>the "unfiltered" car next to me from several hundred yards away on my
>radio.
>The motor power system and the logic circuit system should only have a
>single common ground point of contact between the two. Usually the
motor
>system has the chassis ground and the logic system floats with only a
>single common ground point of contact. It does get interesting when the
>computer system requires a good shield or box of it's own, and you need
>to keep them separate from the chassis/motor ground.
>A lot of times that simple single common point of contact for ground is
>all that is needed to filter the noise out of the computer system. But
>if it doesn't then it's easy to add in filters as needed.
>
>I assume your using opto-isolators to isolate the motor system from the
>computer system. I have had motor controllers blow out on me in the
>past. Sometimes the motor controller blows out and allows high voltage
>to appear on the logic lines leading to the computer system, which is a
>definite bad thing to have happen. The computer fuse may pop right away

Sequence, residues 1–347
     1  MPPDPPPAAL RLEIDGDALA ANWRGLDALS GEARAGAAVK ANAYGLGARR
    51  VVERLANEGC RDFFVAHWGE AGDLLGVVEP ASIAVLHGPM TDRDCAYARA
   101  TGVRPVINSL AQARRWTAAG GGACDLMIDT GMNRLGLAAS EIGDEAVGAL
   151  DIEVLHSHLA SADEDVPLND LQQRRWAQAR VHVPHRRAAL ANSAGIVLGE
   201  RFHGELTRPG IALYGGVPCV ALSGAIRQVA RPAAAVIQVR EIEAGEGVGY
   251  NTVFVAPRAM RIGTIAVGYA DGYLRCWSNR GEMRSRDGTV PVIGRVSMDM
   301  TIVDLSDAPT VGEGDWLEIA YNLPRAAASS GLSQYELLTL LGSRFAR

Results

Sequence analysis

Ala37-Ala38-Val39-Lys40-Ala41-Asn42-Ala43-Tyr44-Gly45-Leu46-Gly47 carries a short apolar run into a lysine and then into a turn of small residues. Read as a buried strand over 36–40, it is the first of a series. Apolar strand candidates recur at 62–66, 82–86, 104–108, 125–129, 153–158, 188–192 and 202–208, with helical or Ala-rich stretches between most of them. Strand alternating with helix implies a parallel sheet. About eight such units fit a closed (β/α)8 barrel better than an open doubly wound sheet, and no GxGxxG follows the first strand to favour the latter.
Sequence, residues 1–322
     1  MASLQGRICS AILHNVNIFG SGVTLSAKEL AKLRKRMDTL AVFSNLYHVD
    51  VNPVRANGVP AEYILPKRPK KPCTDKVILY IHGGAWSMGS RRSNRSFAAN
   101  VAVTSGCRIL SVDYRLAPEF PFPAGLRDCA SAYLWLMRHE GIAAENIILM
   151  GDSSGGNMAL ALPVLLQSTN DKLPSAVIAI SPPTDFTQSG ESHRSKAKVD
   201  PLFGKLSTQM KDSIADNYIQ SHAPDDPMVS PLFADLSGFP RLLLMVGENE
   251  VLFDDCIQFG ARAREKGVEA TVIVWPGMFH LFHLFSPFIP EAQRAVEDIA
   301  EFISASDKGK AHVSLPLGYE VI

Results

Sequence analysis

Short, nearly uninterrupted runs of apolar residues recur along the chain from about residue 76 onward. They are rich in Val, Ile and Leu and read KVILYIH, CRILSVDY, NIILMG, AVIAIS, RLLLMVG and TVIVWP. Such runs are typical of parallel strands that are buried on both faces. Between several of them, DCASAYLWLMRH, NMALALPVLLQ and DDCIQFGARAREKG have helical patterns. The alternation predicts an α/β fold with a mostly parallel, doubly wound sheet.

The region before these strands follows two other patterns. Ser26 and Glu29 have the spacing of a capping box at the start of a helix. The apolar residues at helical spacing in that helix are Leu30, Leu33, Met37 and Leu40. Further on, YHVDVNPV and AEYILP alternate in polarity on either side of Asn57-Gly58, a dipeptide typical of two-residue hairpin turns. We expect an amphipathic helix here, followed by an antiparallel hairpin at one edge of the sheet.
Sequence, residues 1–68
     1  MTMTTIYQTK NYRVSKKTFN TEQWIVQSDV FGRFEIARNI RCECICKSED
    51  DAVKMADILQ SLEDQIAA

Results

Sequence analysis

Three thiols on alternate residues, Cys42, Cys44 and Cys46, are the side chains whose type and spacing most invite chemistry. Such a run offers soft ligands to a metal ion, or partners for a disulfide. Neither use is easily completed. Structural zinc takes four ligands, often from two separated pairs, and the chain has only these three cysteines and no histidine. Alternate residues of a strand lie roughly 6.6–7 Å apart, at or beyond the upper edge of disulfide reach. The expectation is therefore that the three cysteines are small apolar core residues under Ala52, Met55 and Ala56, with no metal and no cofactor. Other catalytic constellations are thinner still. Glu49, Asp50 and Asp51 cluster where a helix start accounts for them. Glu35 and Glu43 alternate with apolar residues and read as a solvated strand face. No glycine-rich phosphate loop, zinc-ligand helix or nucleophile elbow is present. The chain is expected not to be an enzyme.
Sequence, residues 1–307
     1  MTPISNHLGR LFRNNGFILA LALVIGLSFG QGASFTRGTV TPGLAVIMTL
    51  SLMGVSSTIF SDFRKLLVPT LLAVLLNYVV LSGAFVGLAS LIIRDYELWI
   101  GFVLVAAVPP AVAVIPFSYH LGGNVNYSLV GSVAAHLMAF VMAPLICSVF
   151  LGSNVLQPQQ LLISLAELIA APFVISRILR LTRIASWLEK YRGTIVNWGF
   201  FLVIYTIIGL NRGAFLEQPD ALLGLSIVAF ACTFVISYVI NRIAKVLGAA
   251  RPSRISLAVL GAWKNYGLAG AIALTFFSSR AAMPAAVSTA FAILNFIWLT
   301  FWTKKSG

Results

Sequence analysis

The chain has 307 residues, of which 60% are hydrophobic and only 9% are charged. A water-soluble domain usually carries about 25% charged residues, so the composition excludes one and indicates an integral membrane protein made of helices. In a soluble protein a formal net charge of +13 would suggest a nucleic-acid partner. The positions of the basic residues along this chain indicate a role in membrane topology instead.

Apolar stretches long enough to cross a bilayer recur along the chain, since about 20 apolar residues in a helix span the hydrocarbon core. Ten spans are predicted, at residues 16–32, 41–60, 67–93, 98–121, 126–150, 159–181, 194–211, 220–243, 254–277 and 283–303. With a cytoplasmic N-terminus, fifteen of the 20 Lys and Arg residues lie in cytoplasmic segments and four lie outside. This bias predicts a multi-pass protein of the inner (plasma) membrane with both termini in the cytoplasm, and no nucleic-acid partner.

>but the high amp fuse on the motor side won't pop. Of course, debugging
>is easy, replace all the semiconductors and low voltage caps, reprogram
>and it' back up again. :(
>
>You can't go wrong having fuses in the system. These larger systems
>start to get downright dangerous. Especially at 3AM and your tired, and
>the probe slips or you drop that screwdriver or bolt, "oops". Of
course,
>it does really irritate you when you blow your last fuse at 5AM on a
>Sunday morning, and now you have to wait for the Radio Shack or Auto
>Parts store to open. I consider it to be very important to try and use
>common automotive type fuses (not the special electronics custom fuses)
>that you can get easily at auto parts stores or Radio Shack, et cetera.
>Although you can "kludge" up a temporary fuse out of many things, such
>as a strand of copper wire, you have to decide how important your